Dobsonian telescopes are among the most practical instruments in astronomy. They are of simple construction and yet a brilliant idea. They essentially consist of two parts: firstly the optics, which in most cases is a solid tube or truss tube design; and secondly the mount, a wooden box (also called a 'rocker box') which sits on the ground and into which the telescope is inserted. This design allows you to begin observing sessions immediately without first having to spend time setting up and aligning a complicated mount. The basic idea of the Dobsonian design came from the wish to have a big telescope at a low price, a wish that has succeeded brilliantly. A true fan base has developed since the invention of the Dobsonian telescope which is dedicated to these instruments and their fascinating simplicity and to the idea of 'high performance at low price'.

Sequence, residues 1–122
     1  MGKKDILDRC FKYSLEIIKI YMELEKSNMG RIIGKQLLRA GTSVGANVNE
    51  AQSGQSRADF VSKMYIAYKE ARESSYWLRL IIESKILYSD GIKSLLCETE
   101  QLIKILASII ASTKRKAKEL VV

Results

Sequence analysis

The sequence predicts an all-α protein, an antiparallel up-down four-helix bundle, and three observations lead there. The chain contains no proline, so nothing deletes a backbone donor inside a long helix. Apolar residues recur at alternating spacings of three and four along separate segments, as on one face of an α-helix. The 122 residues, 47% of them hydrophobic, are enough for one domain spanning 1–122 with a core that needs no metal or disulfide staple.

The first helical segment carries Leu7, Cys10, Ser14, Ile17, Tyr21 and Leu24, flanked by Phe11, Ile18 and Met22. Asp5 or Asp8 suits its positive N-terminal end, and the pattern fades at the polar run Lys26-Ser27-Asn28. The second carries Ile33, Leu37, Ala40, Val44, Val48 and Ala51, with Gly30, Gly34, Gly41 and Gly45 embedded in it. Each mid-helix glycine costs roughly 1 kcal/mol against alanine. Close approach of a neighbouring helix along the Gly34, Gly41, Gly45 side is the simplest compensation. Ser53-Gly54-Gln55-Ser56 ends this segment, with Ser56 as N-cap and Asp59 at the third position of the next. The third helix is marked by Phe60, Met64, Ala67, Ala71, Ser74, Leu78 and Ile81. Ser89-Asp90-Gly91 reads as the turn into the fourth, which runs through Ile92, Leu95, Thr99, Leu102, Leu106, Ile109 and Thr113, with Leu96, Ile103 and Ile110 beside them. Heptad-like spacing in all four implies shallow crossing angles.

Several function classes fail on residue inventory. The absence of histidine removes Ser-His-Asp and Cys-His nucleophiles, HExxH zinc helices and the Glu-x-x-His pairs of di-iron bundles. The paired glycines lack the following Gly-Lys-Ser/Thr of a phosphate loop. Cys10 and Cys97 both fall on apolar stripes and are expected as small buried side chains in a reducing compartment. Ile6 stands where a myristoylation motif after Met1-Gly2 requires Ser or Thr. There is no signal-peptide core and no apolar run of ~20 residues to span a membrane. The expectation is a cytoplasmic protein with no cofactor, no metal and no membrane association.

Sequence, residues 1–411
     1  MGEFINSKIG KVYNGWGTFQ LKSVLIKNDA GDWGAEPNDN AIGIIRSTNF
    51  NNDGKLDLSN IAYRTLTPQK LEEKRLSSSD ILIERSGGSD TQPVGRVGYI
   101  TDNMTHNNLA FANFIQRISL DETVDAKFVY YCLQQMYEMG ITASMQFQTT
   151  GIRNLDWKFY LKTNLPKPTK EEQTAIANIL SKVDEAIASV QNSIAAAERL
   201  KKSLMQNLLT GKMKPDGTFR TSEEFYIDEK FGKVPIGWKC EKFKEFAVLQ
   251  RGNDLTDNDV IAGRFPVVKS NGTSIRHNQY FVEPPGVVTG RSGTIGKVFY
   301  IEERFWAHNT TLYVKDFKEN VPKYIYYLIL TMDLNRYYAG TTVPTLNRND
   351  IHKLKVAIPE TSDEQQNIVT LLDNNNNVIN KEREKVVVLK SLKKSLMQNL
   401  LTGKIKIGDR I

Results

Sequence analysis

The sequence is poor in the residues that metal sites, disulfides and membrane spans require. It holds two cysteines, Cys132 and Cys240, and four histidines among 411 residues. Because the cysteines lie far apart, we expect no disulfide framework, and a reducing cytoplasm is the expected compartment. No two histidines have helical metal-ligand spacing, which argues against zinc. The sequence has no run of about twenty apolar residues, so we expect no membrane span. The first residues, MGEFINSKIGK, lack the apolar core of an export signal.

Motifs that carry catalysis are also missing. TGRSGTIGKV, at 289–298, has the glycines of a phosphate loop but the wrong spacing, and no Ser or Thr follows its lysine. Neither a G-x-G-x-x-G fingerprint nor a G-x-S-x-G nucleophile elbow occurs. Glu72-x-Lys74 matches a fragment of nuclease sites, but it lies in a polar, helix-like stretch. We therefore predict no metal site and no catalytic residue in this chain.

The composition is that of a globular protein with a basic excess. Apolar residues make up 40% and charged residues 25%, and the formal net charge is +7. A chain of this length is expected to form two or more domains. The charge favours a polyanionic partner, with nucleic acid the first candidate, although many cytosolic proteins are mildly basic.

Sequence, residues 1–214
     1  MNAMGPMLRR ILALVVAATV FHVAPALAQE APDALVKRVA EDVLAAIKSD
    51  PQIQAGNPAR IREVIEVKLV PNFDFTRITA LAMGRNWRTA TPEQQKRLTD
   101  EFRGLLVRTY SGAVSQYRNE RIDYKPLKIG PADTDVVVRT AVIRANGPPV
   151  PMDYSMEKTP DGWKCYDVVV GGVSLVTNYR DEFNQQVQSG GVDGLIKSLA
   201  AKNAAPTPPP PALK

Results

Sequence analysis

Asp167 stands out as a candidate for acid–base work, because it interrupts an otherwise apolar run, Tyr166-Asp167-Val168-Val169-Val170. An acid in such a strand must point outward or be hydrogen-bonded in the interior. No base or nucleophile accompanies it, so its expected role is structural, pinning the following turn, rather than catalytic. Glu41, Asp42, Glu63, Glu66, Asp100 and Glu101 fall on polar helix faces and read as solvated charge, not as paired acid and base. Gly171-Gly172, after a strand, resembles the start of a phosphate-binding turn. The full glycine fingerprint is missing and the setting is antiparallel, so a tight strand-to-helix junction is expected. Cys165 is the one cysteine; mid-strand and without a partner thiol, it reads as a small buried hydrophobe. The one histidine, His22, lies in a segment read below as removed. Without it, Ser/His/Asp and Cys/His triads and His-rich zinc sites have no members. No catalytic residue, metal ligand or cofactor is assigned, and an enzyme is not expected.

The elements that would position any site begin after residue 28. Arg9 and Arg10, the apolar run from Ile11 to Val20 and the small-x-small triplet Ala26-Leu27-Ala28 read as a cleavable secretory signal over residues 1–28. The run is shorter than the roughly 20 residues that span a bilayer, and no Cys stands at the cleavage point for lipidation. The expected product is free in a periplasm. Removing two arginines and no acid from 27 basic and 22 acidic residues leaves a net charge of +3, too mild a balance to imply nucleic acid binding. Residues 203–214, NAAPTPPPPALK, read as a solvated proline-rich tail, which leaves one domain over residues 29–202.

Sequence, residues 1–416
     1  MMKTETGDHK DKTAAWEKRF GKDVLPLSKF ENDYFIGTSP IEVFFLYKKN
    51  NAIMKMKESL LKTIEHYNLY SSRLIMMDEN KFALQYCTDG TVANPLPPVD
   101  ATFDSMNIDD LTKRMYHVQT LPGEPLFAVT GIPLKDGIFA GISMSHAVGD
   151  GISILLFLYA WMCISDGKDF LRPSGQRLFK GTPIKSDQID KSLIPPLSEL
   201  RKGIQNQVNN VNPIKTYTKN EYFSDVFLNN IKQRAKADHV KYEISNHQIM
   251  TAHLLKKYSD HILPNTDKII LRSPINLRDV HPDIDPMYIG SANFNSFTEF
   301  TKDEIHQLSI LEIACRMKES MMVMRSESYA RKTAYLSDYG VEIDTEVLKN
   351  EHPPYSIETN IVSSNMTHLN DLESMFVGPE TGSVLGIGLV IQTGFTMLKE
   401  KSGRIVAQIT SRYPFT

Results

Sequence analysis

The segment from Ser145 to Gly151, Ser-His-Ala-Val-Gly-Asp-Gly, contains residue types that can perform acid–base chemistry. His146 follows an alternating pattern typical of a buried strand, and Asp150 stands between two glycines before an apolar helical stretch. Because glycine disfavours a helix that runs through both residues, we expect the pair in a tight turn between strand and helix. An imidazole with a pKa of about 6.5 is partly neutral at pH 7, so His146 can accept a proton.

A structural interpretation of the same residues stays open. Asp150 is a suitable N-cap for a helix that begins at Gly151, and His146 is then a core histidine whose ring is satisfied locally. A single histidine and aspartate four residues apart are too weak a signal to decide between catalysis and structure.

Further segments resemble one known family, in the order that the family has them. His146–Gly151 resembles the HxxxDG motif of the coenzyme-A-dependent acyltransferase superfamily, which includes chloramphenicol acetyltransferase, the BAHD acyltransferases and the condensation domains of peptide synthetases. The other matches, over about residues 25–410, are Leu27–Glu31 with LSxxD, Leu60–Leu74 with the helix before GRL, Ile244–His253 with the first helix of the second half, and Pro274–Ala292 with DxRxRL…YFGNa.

Dobson telescopes are the most useful instruments in the astronomy.
Their construction is rather simple but genuine. In general, they consist of two main parts. The first one is the optics, the second is the mount which consists of a wooden box on the floor which allows the optical tube assembly to pivot in altitude, while the box itself is swivelled on a base in azimuth. You just have to insert the tube and you can immediately start your observation and don´t have to install and focus the mount first.
The basic idea concerning the construction of a Dobson telescope was that a large telescope optics should be available for low budget. And this was successful! Since the invention of the Dobson telescope, the fan club has been growing and growing. Those people are fascinated by these instruments and their fascinating simplicity. Motto: Real Power for low budget!